The School of Medicine has overhauled its financial aid policy with a major boost in aid to middle-income families by reducing the required parental contribution for families making less than $100,000 per year, medical school Dean Robert J. Alpern, M.D., announced in April.

This change is made possible by the addition to the school’s budget of approximately $1.1 million in new need-based scholarship funds from endowment income.

According to Richard Belitsky, M.D., deputy dean for education, the rising pressure of student debt has been accelerating a trend in career choices away from primary care and other lower-paying specialties. In addition to making medical school significantly more affordable for middle-income families, the new policy will also lower financial barriers for students who wish to enter less lucrative fields of medicine. “Our goal is to reduce the debt burden on students and replace it with scholarship aid, so they can make career choices based on what they want to do, rather than what pays the most,” said Belitsky.

In an e-mail to the medical school community, Alpern wrote, “It is critical to the health of medicine and to society in general that medical education is available to students from all segments of society. Medical schools also have an obligation to prepare students for careers in all the specialties, so that patients with every kind of medical need can be served.”

Beginning with the 2008 academic year, no contribution toward tuition will be expected from parents earning less than $100,000 whose assets are typical of their income level. Contributions from parents earning more than $100,000 will be calibrated according to a sliding scale based on a realistic assessment of income and assets. The change will apply to both current and newly enrolled students.

The school is also raising its “base loan” amount (which students are expected to cover by taking out a loan before receiving scholarships and grants) from $17,000 to $18,000, but this amount will remain among the lowest of all peer private institutions.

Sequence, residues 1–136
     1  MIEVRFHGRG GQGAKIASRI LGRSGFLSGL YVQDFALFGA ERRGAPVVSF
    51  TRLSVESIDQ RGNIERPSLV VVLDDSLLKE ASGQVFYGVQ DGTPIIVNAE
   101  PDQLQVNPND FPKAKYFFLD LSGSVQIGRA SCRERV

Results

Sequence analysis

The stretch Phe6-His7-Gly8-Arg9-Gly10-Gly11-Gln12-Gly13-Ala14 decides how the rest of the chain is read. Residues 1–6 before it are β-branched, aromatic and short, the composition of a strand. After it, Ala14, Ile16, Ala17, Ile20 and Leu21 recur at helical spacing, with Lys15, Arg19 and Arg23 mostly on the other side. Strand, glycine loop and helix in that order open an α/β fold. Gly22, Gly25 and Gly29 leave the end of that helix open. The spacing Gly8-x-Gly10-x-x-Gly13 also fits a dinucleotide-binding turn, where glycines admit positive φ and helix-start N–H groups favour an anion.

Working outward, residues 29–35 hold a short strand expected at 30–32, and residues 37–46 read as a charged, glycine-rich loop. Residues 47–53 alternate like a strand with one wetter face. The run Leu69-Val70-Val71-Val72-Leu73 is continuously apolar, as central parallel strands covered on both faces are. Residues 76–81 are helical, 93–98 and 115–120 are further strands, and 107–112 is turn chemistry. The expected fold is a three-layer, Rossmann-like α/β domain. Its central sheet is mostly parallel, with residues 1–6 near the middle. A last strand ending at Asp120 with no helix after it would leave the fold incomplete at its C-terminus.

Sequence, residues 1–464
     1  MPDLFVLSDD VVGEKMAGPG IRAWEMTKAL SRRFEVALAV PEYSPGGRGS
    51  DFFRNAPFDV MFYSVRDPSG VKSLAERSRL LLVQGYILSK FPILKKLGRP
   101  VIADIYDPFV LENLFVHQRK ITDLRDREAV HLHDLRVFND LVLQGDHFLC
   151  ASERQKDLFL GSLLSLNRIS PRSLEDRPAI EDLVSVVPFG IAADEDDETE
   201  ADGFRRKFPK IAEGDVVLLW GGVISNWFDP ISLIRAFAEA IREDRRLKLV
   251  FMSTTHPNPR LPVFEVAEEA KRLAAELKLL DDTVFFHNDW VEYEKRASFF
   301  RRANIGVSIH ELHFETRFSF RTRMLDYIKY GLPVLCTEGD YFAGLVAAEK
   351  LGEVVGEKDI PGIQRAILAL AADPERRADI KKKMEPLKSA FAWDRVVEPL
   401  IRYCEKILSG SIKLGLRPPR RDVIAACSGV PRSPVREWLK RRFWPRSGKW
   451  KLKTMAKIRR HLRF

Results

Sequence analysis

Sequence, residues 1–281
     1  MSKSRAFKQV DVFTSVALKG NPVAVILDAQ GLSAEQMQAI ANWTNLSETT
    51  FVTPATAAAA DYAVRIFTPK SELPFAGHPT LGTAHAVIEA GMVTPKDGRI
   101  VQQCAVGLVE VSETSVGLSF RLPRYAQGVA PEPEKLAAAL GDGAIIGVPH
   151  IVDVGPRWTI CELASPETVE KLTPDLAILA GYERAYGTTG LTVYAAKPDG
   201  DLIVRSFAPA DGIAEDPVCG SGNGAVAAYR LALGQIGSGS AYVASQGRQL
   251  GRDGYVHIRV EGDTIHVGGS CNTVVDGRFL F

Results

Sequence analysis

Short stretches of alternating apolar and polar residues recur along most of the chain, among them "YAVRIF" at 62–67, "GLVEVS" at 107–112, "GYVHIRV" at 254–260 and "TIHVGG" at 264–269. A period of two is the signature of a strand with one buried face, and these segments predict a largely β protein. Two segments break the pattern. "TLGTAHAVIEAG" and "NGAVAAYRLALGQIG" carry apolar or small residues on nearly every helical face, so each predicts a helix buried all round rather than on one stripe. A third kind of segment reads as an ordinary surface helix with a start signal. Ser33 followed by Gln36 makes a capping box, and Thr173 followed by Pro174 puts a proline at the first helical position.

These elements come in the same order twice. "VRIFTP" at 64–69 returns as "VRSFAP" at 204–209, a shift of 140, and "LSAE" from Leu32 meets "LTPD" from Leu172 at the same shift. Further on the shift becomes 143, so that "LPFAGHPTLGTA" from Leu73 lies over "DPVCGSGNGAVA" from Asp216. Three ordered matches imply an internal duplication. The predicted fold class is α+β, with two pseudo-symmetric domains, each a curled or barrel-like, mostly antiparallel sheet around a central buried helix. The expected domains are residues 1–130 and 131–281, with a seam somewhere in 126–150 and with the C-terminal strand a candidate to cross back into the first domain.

The total cost of medical school at Yale in 2008–2009 will be $62,010 for an incoming student, including tuition, room, board, books, transportation and other expenses. The average medical education debt of School of Medicine students who graduated with outstanding loans in 2007 was $115,000, compared to a national average of $157,000 for graduates of private medical schools. The average debt figure is estimated at $125,000 for this year’s graduating class at Yale. In 2007–2008, medical students at Yale received $7.3 million in grants and $9.2 million in student loans. Overall, 87.6 percent of Yale medical students receive some form of financial aid.

The new policy reflects a growing trend among universities with large endowments to make more financial aid available. Yale College announced in January that it would reduce the cost of undergraduate education by up to 50 percent for families with need. Families earning up to $60,000 a year will make no contribution and families earning up to $120,000 will pay no more than 10 percent of their income toward Yale College costs.

Belitsky said, “If you’re without any resources, there’s scholarship money available to pay for medical school, and if you’re wealthy, there’s family money to pay for it. What we’ve found is that it’s the middle-income families who have been taking it on the chin.” Alpern added, “The school’s previous financial-aid formula assumed that families earning as little as $45,000 a year could contribute to their children’s medical school costs, when in fact, they often cannot. We’re correcting that now.”